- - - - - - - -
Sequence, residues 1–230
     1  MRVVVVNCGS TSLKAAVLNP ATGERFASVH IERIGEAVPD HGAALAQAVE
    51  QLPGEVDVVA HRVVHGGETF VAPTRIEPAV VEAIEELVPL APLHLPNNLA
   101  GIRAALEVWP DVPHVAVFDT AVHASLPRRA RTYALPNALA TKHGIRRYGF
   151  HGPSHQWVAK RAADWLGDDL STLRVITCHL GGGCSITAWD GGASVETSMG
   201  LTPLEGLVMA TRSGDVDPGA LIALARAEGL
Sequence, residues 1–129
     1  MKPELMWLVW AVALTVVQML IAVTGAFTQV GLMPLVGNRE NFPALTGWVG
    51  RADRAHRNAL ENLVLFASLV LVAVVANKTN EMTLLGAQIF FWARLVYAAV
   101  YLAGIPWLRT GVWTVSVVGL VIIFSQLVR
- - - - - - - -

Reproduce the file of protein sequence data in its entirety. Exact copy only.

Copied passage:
Sequence, residues 1–230
     1  MRVVVVNCGS TSLKAAVLNP ATGERFASVH IERIGEAVPD HGAALAQAVE
    51  QLPGEVDVVA HRVVHGGETF VAPTRIEPAV VEAIEELVPL APLHLPNNLA
   101  GIRAALEVWP DVPHVAVFDT AVHASLPRRA RTYALPNALA TKHGIRRYGF
   151  HGPSHQWVAK RAADWLGDDL STLRVITCHL GGGCSITAWD GGASVETSMG
   201  LTPLEGLVMA TRSGDVDPGA LIALARAEGL
Sequence, residues 1–129
     1  MKPELMWLVW AVALTVVQML IAVTGAFTQV GLMPLVGNRE NFPALTGWVG
    51  RADRAHRNAL ENLVLFASLV LVAVVANKTN EMTLLGAQIF FWARLVYAAV
   101  YLAGIPWLRT GVWTVSVVGL VIIFSQLVR